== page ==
I wasn't Smart Mikey in 1998 or Dumb Mikey in 2003. The Broncos played to their capabilities and the Packers didn't, so I looked good. The Patriots were indeed a great team, so they proved me wrong and made me look bad. And more power to them. The best part of my old job was the chance to get paid to watch greatness. Looking smart or dumb was irrelevant.

Bostonians in and out of the media waste rain forests full of oxygen discussing the manager's decisions every time the Red Sox lose. Hey, people, there's a reason they say skippers "play the percentages." The "right" decision may only have a 51 percent chance of success. If the 49 percent shot comes through, Terry Francona is NOT an idiot.

Tiger had a rough week. Too bad for him. I still believe Winged Foot and not rust was the cause of his troubles, but Woods contradicts me in public (fat chance), so be it. Maybe my next hunch will lead to a Smart Mikey revival.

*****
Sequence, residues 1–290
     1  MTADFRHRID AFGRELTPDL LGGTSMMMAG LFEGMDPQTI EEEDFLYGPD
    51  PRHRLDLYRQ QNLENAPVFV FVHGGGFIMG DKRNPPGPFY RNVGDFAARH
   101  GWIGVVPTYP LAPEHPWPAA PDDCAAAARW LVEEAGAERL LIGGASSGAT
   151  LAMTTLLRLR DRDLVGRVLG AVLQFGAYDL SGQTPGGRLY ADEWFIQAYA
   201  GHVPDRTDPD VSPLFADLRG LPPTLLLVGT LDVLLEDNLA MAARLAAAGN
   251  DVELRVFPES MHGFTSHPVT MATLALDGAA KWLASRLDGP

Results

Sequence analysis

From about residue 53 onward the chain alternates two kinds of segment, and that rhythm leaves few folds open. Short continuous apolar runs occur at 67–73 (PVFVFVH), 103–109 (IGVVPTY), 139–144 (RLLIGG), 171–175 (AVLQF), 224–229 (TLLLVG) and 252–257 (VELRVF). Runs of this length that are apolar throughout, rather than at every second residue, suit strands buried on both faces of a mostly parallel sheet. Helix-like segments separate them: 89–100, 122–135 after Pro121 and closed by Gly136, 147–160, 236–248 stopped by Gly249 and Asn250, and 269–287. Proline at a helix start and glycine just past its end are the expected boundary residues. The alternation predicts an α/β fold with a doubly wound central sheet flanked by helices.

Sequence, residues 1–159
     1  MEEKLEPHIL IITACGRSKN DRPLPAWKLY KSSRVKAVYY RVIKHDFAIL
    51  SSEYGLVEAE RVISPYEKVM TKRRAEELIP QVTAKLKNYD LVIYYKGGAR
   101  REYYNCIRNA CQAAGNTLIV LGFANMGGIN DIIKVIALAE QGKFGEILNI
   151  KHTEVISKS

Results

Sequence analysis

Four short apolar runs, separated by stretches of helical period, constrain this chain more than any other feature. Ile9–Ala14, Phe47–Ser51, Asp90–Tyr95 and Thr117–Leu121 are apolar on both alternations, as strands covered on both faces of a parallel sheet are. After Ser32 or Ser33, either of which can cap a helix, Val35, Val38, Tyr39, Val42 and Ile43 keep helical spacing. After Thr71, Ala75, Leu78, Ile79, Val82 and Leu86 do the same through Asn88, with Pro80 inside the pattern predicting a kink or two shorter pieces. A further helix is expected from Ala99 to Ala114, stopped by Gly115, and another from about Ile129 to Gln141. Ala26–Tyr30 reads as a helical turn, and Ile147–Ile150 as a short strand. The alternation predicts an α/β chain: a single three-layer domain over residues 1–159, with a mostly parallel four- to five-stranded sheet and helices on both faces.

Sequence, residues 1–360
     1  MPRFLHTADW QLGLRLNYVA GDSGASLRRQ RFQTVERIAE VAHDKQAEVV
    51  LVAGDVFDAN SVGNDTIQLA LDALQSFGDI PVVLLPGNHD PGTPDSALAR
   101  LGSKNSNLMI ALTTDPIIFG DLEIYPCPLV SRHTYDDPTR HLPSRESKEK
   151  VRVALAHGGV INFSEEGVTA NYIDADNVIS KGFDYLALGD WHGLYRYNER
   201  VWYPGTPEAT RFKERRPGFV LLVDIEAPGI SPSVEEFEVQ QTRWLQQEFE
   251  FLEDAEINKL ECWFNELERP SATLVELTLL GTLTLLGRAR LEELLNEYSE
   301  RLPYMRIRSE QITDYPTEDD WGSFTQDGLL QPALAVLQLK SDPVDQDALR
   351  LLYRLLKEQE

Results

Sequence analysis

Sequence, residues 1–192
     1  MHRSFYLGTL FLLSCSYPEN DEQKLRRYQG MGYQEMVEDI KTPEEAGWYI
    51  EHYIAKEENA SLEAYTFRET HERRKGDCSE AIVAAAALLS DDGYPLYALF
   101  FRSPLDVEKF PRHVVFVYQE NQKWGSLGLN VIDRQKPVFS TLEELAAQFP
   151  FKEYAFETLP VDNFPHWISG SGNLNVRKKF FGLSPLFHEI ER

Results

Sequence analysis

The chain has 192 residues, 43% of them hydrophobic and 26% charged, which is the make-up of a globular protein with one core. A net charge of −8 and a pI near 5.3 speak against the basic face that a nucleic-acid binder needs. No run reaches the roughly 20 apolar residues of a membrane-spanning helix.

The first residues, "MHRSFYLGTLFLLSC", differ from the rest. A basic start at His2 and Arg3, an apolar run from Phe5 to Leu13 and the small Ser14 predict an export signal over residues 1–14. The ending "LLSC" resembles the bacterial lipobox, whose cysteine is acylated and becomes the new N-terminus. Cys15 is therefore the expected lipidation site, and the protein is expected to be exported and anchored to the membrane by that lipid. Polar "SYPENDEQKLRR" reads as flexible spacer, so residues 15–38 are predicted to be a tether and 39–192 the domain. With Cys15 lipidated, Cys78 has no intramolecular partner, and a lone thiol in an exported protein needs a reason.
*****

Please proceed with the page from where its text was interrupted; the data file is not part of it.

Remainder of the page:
I can't end without my favorite sportswriting prediction story of all time. Former Globe columnist Mike Madden was the paper's turf expert and a devout horseplayer. Still is. The day of a Derby in the early '80s, Madden wrote a column picking win, place, and show. The three nags finished in that exact order. A frickin' trifecta bet comes home in print. Amazing! Madden is a genius!

The next week I saw Mike at the old Fenway press dining room, and hastened to congratulate him on what had to be a very heavy score.

Madden looked as devastated as the little kid at the end of "The Yearling."

"Score?!" Mike wailed. "I went broke after the sixth race!"

(If you don't know racing, the Derby is always the ninth or tenth race of the day at Churchill Downs).